What are memes?
Letʼs start with the basics; though, as collegiate dancers reading an online magazine, I assume youʼre already very well acquainted with these captioned images that are prevalent all over the internet. The term itself, “meme,” originally comes from Richard Dawkinsʼ “The Selfish Gene,” and refers to a unit of cultural information, similar to a gene carrying biological information, and in the same way that genes are passed on and their information is spread, so too do memes spread their messages across a culture.
The more relevant and relatable memes might go “viral,” while those that are too niche might fade into obscurity, yet possibly live on in the memories of a select few (“Itʼs an older meme, sir, but it checks out”). In the earlier age of widespread internet usage and social media, memes were typically concentrated amongst the more stereotypical “internet dweller”/4chan user, but from there they spread to sites such as 9gag and Memebase, to now where memes are prevalent across every social media platform and have become accepted as part of mainstream culture.
My personal meme experience + joining the ballroom meme team
As a millennial, I have been a connoisseur and producer of memes nearly since their inception (let the record show that I am not and never have been a 4chan user). I have posted “Rage Comics” on 9gag, captioned cartoons on Memebase, and now memes of all kinds on Reddit/Facebook/ Instagram. I have witnessed memesʼ evolution from niche and rather strange to becoming captioned images of pop culture, art, and current events, being shared on widely- used social media sites.
It is this experience with memes, as well as my ability to stay up-to-date on current meme trends and creativity with applying current meme formats to ballroom dance that got me an invitation to moderate Ballroom Memes for Latin & Standard Teens. The job description was simple enough: separate the wheat from the chaff with respect to user-contributed memes, and continue producing ballroom memes for the page to post, as I intended on doing anyway; I joined the moderator team without hesitation.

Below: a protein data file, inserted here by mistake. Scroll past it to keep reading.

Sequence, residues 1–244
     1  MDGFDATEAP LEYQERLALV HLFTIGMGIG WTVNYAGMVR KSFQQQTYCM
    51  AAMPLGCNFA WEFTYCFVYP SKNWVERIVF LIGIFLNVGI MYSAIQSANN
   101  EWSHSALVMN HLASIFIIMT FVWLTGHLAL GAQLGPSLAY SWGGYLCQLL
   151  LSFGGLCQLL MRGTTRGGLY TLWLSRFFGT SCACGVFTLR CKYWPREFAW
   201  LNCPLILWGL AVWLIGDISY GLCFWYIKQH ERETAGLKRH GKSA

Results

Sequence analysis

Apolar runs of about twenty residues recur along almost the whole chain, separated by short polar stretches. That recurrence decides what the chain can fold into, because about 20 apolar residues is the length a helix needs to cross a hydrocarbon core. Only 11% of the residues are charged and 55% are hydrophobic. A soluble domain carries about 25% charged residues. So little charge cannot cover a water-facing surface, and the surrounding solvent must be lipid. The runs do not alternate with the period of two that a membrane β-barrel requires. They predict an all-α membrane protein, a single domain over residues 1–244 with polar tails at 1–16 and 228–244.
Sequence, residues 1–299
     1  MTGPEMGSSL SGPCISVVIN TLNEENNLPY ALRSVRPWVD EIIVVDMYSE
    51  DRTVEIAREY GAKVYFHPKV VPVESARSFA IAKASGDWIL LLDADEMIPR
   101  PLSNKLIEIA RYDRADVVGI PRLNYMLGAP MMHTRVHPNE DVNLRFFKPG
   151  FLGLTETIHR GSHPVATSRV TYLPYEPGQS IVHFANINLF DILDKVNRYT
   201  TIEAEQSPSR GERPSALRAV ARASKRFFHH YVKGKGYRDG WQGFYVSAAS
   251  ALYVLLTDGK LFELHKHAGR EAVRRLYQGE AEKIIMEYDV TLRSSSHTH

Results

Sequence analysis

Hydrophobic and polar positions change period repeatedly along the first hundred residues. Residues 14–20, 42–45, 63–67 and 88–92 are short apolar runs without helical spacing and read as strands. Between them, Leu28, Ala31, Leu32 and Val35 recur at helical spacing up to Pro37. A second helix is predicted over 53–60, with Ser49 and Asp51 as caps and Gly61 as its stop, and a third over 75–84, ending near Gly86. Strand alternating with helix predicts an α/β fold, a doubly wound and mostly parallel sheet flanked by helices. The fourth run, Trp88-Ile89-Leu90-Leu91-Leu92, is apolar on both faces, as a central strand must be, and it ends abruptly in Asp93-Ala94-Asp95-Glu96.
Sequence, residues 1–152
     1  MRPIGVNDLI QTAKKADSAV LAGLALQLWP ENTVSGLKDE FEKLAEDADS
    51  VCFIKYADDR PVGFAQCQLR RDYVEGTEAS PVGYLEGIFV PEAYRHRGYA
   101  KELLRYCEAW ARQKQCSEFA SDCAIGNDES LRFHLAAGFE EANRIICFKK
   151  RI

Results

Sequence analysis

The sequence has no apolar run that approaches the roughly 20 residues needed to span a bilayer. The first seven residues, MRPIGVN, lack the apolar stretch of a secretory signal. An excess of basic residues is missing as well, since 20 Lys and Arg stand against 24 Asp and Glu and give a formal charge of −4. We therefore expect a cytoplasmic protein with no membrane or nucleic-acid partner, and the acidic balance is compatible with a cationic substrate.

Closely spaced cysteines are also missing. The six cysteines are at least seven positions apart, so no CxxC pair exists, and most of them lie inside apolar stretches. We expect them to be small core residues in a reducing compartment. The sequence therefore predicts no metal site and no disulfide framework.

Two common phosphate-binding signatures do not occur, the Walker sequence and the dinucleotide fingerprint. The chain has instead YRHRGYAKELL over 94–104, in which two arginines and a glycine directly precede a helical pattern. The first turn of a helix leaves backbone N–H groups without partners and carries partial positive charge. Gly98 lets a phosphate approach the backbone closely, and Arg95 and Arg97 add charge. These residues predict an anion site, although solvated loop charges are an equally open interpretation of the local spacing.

Ah, yes. The lowest hanging fruit. Poking fun at the least popular, least danced, and least respected style. We (mostly) jest; itʼs merely that Rhythm is to Ballroom as Cornell is to the Ivy League. It may be the butt of many ballroom jokes, but itʼs just as legitimate and respectable a style of dance as any. The memes had to be reined in, however…
The frequency of these “rhythm is awful, amirite?” posts was enough to draw criticism from at least a few Rhythm dancers and teachers who frequent our page (though, others messaged to say they found them funny), so we made a conscious effort to tone down these posts, and would like to make it clear that these memes were merely a vehicle for satirical reflection on the elitism of International styles vs. the American styles, and not genuinely intended to debase Rhythm as a style.
Unifying ballroom experiences, especially for collegiate dancers
For many, memes offer a way of expressing the same feelings and experiences many dancers have but donʼt necessarily discuss and share with each other. We have all been there: you have the best semi-final round of your life; you dance the best you have ever danced, aaaand…. you didnʼt make the final. You spectate the final with disdain as couples youʼre DEFINITELY better than waltz on the floor with their menial routines and inferior technique, wondering how the judges could possibly have made such poor decisions.
And of course, what better way to express everything youʼre feeling in this position than through a caption on an image, especially without necessarily letting your team and friends know the true depth of your rage and frustration. You submit your meme to my page, and all of the reacts start pouring in, all the “like”s and “haha”s, as well as dancers tagging their partners, “Omg this is literally us,” and you realize your frustration is a common experience, as does the rest of the community, enjoying a laugh over a sentiment they have all shared.
In this same vein, memes allow dancers to really reflect and share how they truly feel about themselves, their dancing, and ballroom as a whole. Itʼs all too easy to caption an image of a dumpster with “literally my dancing” and post it as a “joke,” as though the poster is confident enough of their skills to jest about being bad, when in reality, the only joke is that theyʼre joking: the meme itself is entirely serious.
TL;DR Dank memes are serious business and rhythm isnʼt THAT bad, I guess